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Mariners expect big things from young Boog

Prospect Powell projects as on-base machine
MLB.com @gregjohnsmlb

SEATTLE -- When new Mariners skipper Scott Servais and general manager Jerry Dipoto preach to their players this season about the need to control the strike zone, work pitchers and ultimately do whatever to get on base more often, they'll find a ready pupil in Boog Powell.

And that, of course, is a big reason the young outfielder is now part of the Mariners' organization, working out daily in Peoria, Ariz., already in preparation for the start of Spring Training later this month.

SEATTLE -- When new Mariners skipper Scott Servais and general manager Jerry Dipoto preach to their players this season about the need to control the strike zone, work pitchers and ultimately do whatever to get on base more often, they'll find a ready pupil in Boog Powell.

And that, of course, is a big reason the young outfielder is now part of the Mariners' organization, working out daily in Peoria, Ariz., already in preparation for the start of Spring Training later this month.

• Mariners Spring Training info

Seattle acquired Powell, 23, as part of a six-player trade with the Rays in November, the first deal Dipoto made as he began reworking the Mariners' 40-man roster to better fit his vision of a team equipped to compete in Safeco Field.

Video: Prospects Powell, O'Neill talk at Mariners FanFest

The 5-foot-10, 185-pound Californian has shown a penchant for a high on-base percentage, the ability to run and defend and generally be the kind of baseball player Dipoto wants.

The Mariners held a hitting summit in Peoria a few weeks ago for 15 of their top young prospects during which the new "controlling the strike zone" philosophy began being drummed into the players' heads. And Powell, the Mariners' No. 6 prospect, couldn't help but smile as the message played out.

"That's what I believe in," he said at last weekend's FanFest. "Getting on base, working counts, that's me. And I'm happy to be here with that philosophy. Hopefully it works during the season. It's all already been in my mind since I got drafted. That's the game I play."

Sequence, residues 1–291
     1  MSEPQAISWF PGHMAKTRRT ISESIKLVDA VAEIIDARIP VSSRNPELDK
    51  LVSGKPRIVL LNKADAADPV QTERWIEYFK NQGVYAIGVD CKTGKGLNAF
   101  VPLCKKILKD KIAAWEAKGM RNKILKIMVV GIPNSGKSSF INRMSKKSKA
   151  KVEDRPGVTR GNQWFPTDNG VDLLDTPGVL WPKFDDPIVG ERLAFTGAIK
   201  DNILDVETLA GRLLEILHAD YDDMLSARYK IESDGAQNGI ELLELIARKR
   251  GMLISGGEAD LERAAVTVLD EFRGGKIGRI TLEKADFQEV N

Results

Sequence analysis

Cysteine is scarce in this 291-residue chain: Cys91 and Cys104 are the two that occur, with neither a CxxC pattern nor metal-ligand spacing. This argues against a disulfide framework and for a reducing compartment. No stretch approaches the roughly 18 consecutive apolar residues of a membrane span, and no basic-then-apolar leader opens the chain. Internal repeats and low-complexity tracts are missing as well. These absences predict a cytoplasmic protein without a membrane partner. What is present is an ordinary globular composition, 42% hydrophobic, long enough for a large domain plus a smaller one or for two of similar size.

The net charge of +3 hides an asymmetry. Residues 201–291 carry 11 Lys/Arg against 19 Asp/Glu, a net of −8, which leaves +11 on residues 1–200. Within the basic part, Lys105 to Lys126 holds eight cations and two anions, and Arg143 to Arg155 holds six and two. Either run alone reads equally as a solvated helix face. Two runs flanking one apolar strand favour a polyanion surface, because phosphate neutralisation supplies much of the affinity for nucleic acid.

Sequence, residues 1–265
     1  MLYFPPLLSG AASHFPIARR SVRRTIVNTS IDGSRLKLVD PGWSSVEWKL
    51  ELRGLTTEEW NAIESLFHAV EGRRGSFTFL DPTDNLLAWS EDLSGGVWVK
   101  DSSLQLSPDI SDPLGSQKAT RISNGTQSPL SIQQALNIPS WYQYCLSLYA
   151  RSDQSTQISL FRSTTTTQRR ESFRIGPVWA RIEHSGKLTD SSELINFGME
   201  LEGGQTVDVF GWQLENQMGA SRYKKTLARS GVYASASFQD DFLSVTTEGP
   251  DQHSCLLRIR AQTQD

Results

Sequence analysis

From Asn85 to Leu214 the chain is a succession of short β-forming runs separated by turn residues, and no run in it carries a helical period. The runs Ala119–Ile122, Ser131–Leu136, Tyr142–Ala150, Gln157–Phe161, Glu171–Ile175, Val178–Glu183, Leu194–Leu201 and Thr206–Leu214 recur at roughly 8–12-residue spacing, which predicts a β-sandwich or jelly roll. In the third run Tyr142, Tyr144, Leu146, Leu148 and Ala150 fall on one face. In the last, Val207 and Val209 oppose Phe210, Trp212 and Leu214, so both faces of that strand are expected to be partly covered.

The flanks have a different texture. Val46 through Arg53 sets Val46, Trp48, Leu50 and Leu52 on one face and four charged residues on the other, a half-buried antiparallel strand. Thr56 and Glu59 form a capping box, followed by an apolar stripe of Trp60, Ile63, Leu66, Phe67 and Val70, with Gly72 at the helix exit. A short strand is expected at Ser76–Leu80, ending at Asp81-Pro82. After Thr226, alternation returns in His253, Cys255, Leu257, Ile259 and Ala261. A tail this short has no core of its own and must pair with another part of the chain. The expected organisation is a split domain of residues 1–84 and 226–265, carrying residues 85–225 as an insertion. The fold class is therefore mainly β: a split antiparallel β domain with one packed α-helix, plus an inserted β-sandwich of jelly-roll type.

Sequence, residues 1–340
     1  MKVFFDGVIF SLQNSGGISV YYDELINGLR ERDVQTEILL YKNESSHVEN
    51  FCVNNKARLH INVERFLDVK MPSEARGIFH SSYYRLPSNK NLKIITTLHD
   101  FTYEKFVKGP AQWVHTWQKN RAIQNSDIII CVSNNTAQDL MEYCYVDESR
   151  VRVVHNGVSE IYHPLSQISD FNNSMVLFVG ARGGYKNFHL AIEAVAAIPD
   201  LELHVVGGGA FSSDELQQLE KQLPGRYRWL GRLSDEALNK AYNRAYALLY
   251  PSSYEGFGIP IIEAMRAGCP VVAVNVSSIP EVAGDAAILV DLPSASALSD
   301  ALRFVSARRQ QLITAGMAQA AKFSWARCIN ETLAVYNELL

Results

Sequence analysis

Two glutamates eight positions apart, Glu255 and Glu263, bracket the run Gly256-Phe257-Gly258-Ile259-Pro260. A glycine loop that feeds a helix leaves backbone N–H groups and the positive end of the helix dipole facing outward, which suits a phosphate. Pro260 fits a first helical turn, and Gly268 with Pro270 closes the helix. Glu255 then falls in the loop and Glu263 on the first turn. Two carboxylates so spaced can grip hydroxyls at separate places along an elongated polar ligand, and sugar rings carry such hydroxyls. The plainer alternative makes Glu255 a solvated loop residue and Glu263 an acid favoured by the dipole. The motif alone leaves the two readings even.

Powell split last year between Double-A and Triple-A in the Rays system, and if things go as expected this spring, he'll likely open this year in Triple-A Tacoma. But the youngster certainly will get a long look in Cactus League play and figures as next in line behind Leonys Martin in center field as well as a contender for a corner spot if he proves he can hit Major League pitching.

Video: Minor Leaguers Boog Powell, Drew Jackson join FanFest

"This is a very important camp for me," Powell said. "I'm hoping to be with the Mariners for a long time. I hope I get the callup during the year so I can play my game and see where that takes me."

If that call comes in time to make the road trip to Baltimore in mid-May, well, that would be even better still. Powell has spent much of his life explaining why he's called "Boog" Powell, the same name as the former Orioles slugger who now owns a restaurant on Eutaw Street just outside Camden Yards.

The Mariners' version was born Herschel Mack Powell IV, but it turns out those names were taken.

"They called my grandpa Herschel. They called my dad Mack and I needed a name when I was a kid," he said. "I went by Little Mack for a little, then Boog just stuck. My dad started calling me that and my dad coached me in baseball. I went to school with baseball friends and they would call me that in school, and then everybody just started calling me Boog. ... I know what comes with it, but that's what I go by and I love it."

Video: Powell, Jackson discuss upcoming season at FanFest

The original Boog Powell was a 6-foot-4, 230-pound slugger who won the American League MVP in 1970 and finished his career with 339 home runs.

The younger Boog Powell has totaled six homers in four Minor League seasons in the A's and Rays organizations, but caught Dipoto's eye with his .308 batting average and .401 on-base percentage.

"I'm a complete opposite player," he said. "I get on base, he hit home runs. That's how it is."

And he's more than happy to embrace that role.

"Yeah, that's what I pride myself on, my speed and getting on base, working counts," he said. "That's my goal. I won't get very far if I don't do all that stuff."

Greg Johns is a reporter for MLB.com. Follow him on Twitter @GregJohnsMLB, read his Mariners Musings blog, and listen to his podcast.

This story was not subject to the approval of Major League Baseball or its clubs.

Seattle Mariners, Boog Powell